Ivory Coast cocoa hit by disease, politics

By Lindsey Partos

- Last updated on GMT

Related tags: Cocoa, Chocolate, Cocoa bean, Côte d'ivoire

Costs for cocoa have fallen from a peak of $3000 per tonne in July, to $2551.33 on Monday, but reports of the damaging black pod disease in Ivory Coast could drive prices upwards, compounded by political uncertainty that may see chocolate buyers eager to build stocks.

Ivory Coast is the biggest global supplier of cocoa, contributing 38 per cent of this much sought-after soft commodity to the marketplace.

But with the new cocoa campaign on the horizon, prices are set to react to news that persistent rain in some of the country's key cocoa areas could encourage the onset of the virulent fungus Black Pod.

The cocoa plant is particularly susceptible to disease from the fungus Black Pod, which can destroy between 30 and 90 per cent of the cocoa bean.

According to a Reuters report this week, in the southern region of Divo, the average cocoa price jumped to between 400 and 450 CFA francs (€0.714) per kg from 350 and 400 CFA (€0.609) two weeks ago. In the western region of Soubre, in the heart of the cocoa belt, the average price rose to about 450 CFA francs, up from around 400 CFA francs in the previous week.

Contributing to the price equation are the upcoming national elections, on 30 November this year.

An armed rebellion in 2002 split the nation in two, and the country is still plagued by inner strife. There are hopes that the upcoming elections may ease years of political, ethnic and regional tensions that deteriorated into the civil war of 2002. Ivorian President Laurent Gbagbo's term expired three years ago but he has remained in power because the elections were postponed several times.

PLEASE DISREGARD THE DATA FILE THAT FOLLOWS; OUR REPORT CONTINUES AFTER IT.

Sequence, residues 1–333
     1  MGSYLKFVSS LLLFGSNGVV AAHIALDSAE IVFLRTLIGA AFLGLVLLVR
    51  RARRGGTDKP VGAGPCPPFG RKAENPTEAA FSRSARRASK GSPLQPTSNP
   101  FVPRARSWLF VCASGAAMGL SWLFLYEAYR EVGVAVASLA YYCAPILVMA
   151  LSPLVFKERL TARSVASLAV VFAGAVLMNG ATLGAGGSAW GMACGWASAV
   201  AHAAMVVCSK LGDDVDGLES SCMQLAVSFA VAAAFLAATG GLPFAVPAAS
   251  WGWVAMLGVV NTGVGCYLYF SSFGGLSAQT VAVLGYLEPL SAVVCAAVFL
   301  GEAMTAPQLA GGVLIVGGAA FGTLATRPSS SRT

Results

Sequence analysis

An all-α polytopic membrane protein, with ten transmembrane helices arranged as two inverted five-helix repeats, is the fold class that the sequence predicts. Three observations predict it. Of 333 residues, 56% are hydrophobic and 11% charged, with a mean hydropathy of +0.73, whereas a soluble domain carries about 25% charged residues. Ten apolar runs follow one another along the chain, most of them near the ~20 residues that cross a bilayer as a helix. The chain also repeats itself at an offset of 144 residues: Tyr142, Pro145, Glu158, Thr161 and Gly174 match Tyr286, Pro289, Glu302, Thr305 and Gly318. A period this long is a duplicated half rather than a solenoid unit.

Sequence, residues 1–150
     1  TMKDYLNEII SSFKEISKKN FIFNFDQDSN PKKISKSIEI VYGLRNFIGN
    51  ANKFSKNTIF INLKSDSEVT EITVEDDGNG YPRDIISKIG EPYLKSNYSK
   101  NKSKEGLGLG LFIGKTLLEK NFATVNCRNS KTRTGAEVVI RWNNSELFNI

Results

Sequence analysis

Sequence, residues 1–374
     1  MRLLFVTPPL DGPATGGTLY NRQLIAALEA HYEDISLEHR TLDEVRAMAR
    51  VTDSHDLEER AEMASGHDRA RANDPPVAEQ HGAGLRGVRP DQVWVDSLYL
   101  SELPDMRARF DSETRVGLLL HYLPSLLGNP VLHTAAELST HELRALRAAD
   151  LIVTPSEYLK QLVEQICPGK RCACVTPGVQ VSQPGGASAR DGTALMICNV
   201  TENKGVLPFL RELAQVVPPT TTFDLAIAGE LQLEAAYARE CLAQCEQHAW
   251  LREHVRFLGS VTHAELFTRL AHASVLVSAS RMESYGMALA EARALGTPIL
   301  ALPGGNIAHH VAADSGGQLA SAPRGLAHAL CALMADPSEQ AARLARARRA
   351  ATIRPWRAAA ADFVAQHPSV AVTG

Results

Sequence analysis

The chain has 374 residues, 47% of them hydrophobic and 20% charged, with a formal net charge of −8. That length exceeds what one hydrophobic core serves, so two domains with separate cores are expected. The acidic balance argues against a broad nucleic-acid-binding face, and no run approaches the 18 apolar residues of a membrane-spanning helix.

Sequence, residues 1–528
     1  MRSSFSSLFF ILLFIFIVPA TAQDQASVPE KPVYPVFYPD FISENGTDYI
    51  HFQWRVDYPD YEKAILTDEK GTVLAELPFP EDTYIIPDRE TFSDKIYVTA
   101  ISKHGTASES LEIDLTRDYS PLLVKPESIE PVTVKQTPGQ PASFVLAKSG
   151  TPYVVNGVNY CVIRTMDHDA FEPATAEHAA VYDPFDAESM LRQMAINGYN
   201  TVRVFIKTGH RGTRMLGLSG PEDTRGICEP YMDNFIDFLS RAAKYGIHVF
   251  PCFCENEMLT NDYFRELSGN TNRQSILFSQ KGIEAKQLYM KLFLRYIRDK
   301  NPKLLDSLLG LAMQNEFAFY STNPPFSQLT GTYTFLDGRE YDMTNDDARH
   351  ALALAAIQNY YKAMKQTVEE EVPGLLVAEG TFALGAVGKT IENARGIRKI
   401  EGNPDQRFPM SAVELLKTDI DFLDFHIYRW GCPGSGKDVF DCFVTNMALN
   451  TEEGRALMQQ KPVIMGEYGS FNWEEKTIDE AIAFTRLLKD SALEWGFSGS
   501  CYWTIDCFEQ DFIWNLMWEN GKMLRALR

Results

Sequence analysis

But the outcome of the election will be keenly observed by the world's cocoa processors and manufacturers who source a large swathe of their supplies for their global businesses from this one region of Africa.

Most of the cocoa cultivated in Africa is exported to the major centres of cocoa consumption in Europe and North America, with the Netherlands and the US maintaining their positions as the world's two leading cocoa processing countries. So, while cocoa is largely produced in developing countries, it is mostly consumed in industrialised countries.

For cocoa, the buyers in the consuming countries are the processors and the chocolate manufacturers. A few multinational companies dominate both processing and chocolate manufacturing. Barry Callebaut is the biggest global manufacturer and distributor of cocoa, followed by US firms' Cargill and Archer Daniels Midland, and Swiss food powerhouse Nestle.

Large international food companies such as Nestlé, Mars, Hershey Foods, and Cadburys dominate in the area of widely distributed mass-market branded chocolate.

In terms of the market, boom and bust effects characterise prices in the cocoa cycle, estimated to roll out over a period of 20 years.

Prices for cocoa mainly respond to supply and demand factors: during boom periods there is a supply surplus that results in falling, and then stagnating, prices. When low prices kick-in due to over production, farmers are want to switch to other crops, creating a drop in supply and permitting world prices to rise again.

As such, in recent months, as demand pushed supply lines, the valuable cocoa bean crashed through the $3000 barrier in June, with prices soaring on the London and New York futures market.

Since then, prices have slightly dampened with London futures closing on 30 September at £1495.00 (€1896) a tonne, and New York futures on the same day at $2551 (€1832) a tonne.

But these figures notwithstanding, as Laurent Pipitone from the International Cocoa Organisation pointed out to ConfectioneryNews.com, in the last 30 years, the price trend for cocoa is more downward. In the 1970s, prices flew, in constant terms, five times higher than today. An inflationary phenomenon spread over many commodities at the time.

Related topics: Commodities, Cocoa & Sugar

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